Readers write



Georgia’s gun law denies rights of others

The 9th Amendment to the U.S. Constitution reads: “The enumeration in the Constitution, of certain rights, shall not be construed to deny or disparage others retained by the people.”

A 2nd Amendment right should not be asserted if another right is being denied or disparaged. Among the most important rights are life, liberty and the pursuit of happiness.

The right to life is being denied by people using guns. The pursuit of happiness is being disparaged by the presence of guns. Children have to practice active shooter drills and are afraid. Others are afraid of going to the grocery store or watching a parade.

Georgia law allows anyone to openly carry a gun pretty much anywhere. And now, a license is not required to carry a concealed gun. These laws contribute to the denying of other rights and therefore violate the 9th Amendment.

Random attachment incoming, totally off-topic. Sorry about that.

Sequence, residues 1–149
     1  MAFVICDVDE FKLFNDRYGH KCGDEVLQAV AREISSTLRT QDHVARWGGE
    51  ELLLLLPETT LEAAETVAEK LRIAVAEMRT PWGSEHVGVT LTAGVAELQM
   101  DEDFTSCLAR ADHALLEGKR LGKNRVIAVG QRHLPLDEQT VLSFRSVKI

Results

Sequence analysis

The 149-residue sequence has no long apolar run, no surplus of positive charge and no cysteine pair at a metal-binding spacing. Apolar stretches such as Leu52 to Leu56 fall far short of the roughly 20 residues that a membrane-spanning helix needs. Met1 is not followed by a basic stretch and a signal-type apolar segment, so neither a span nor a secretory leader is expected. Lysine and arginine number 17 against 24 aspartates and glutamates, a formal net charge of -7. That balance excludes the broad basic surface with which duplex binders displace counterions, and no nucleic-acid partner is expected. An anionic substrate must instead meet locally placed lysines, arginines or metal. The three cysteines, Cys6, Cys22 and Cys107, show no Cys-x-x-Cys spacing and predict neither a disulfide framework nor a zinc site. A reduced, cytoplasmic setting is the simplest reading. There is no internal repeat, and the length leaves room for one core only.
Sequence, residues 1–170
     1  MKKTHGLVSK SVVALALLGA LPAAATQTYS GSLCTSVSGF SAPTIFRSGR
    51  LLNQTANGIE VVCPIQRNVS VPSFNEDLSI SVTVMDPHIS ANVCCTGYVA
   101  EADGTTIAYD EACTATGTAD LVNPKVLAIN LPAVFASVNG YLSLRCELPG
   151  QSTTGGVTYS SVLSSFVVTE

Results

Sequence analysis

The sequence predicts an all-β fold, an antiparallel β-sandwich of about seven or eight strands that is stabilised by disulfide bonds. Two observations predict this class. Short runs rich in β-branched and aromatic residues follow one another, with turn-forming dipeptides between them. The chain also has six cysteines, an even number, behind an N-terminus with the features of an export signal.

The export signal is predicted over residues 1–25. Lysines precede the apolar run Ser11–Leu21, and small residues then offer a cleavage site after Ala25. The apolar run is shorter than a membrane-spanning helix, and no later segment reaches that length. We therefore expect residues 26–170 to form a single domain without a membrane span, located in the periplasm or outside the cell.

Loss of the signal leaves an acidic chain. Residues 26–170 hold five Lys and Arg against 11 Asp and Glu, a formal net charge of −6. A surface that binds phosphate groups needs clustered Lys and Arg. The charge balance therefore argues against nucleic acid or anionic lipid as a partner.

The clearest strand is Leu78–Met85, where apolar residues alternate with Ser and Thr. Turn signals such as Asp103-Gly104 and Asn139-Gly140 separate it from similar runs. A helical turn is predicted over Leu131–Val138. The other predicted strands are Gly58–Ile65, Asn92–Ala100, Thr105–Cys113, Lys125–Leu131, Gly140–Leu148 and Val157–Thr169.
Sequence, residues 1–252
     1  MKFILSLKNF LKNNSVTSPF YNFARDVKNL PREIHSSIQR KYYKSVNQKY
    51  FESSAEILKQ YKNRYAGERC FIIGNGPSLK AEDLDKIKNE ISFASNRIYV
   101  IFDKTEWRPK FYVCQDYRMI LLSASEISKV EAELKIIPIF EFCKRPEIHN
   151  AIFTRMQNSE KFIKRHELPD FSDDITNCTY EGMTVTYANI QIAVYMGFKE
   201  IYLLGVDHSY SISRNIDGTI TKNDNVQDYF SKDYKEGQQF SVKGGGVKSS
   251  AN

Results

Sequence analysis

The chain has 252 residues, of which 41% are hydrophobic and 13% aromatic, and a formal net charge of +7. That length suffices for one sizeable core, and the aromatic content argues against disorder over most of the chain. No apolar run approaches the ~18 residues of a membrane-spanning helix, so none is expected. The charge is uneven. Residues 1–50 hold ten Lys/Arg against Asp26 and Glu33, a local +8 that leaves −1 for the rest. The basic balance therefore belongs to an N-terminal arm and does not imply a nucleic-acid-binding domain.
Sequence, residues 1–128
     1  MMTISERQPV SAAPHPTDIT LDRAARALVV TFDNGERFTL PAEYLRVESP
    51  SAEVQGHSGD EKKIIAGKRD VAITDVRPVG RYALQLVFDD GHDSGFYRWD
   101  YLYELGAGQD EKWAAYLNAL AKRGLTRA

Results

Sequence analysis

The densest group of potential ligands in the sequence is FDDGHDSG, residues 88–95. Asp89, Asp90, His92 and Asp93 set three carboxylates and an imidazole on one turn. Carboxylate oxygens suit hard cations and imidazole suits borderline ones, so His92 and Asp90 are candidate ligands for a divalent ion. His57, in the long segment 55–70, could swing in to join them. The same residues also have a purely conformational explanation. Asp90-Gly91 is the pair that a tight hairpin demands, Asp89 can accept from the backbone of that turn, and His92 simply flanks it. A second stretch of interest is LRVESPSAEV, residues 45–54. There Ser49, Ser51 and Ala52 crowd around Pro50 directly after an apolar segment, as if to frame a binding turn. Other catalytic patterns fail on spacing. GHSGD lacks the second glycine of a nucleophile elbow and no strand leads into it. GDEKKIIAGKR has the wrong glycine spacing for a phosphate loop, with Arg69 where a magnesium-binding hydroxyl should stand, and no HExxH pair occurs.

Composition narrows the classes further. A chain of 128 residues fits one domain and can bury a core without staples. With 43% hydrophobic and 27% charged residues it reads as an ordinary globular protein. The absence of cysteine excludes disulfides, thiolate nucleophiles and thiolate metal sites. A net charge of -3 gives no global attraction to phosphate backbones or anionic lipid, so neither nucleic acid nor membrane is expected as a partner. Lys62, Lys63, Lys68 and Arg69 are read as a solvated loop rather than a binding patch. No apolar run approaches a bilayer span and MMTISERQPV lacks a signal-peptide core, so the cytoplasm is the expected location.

Justice Thomas expresses flawed opinion in Dobbs decision

In the coverage of the Supreme Court decision to overturn Roe v. Wade’s granting the right of women to have an abortion, Justice Clarence Thomas offered a concurring opinion citing three other decisions based on the 14th Amendment that the court must revisit.

Griswold v. Connecticut -- the 1965 ruling granting married couples the right to buy and use contraceptives; Lawrence v. Texas -- the 2003 ruling that criminal punishment for sodomy was unconstitutional; and Obergefell v. Hodges -- the 2015 ruling granting same-sex couples the right to marry.

There is a fourth Supreme Court decision that, like the three Justice Thomas cited, was based on the 14th Amendment of equal protection under the law. Loving v. Virginia -- the 1967 ruling granting interracial couples the right to marry. On this precedent, he is understandably silent.

His exclusion of Loving v. Virginia, which was similarly decided in the same manner as the three he chose, tells us less about his legal scholarship than about the ranting of a bitter old man.